Gall: lost two wives and three children at onset of the battle; subsequently led in capturing the troopers’ horses

Good Bear Boy: friend of One Bull injured during the attack on Reno’s skirmish line

Gray Eagle: brother of Sitting Bull’s two wives, Four Blankets Woman and Seen by the Nation

Gray Whirlwind: with Sitting Bull when Reno attacked the Hunkpapa circle

Her Holy Door: mother of Sitting Bull

Iron Hawk: only fourteen years old during the battle; fought near Last Stand Hill

Jumping Bull: adopted brother of Sitting Bull

Little Soldier: Sitting Bull’s fourteen-year-old stepson at the time of the battle

Moving Robe Woman: also known as Mary Crawler; joined the fighting after the death of her brother Deeds

Old Bull: close ally of Sitting Bull who later claimed, “Soldiers made mistake attacking Hunkpapas first”

One Bull: Sitting Bull’s nephew and a major source on the life of his uncle

Pretty White Buffalo Woman: also known as Mrs. Horn Bull; claimed Reno might have won the battle if he had charged the village

Rain in the Face: noted warrior who became famous for the apocryphal story that he cut out Tom Custer’s heart

Seen by the Nation: elder sister of Four Blankets Woman and wife of Sitting Bull

Shoots Walking: just sixteen years old, fought against the objections of his parents; claimed that the soldiers “did not know enough to shoot”

Sitting Bull: forty-five-year-old political leader and holy man whose sun dance vision presaged the victory at the Little Bighorn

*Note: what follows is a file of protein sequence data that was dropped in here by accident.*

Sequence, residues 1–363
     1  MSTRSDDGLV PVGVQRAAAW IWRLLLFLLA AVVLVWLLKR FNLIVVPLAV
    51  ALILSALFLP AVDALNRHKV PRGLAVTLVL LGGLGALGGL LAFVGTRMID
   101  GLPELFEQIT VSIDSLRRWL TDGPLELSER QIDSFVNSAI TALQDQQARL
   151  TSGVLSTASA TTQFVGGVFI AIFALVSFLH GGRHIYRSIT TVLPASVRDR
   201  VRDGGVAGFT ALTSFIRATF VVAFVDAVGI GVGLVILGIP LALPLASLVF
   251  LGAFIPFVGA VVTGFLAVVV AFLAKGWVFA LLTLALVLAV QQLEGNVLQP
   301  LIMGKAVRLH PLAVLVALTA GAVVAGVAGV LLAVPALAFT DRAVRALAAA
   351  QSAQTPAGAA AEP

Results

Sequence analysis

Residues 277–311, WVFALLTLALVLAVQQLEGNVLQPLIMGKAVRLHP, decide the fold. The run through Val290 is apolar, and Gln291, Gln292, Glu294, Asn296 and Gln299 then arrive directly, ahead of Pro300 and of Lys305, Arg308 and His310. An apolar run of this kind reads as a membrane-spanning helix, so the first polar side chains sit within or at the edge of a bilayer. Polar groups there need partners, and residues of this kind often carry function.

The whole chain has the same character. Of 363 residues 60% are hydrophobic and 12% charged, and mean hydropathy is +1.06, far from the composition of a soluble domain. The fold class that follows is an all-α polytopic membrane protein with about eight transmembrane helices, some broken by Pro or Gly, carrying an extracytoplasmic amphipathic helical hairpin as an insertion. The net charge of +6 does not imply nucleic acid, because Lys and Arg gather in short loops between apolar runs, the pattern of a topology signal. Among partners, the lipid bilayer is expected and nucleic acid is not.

Red Horse: spoke of a single soldier who “alone saved his command a number of times by turning on his horse in the rear in the retreat”

Standing Bear: seventeen years old at the time of the battle; described the slaughter as Reno’s battalion retreated across the river

White Bull: brother of One Bull and nephew of Sitting Bull; counted seven coups during the battle


Black Bear: leader of a seven-person band seen at the divide by Custer’s scouts on the morning of June 25

Black Elk: twelve years old at the time of the battle; later related the story of his life in the classic Black Elk Speaks

Crazy Horse: thirty-five years old at the time of the battle; the preeminent Lakota warrior

Eagle Elk: twenty-four-year-old cousin to Crazy Horse; one of the many warriors who reported seeing Yellow Nose capture a company’s flag

Flying Hawk: twenty-four-year-old nephew of Sitting Bull

He Dog: thirty-six-year-old warrior and Shirt Wearer noted for his bravery

Low Dog: also about twenty-nine years old; married to a northern Cheyenne woman; later fled to Canada with Sitting Bull

Red Hawk: part of the Crazy Horse–led charge of Reno’s skirmish line; later drew a detailed map of the battle


Long Road: killed just seventy-five feet from the soldiers’ line on Reno Hill


Inkpaduta: veteran of Minnesota Uprising of the 1860s and ally of Sitting Bull


Runs the Enemy: leader of a hundred-warrior band that fought both at the Valley Fight and on Last Stand Hill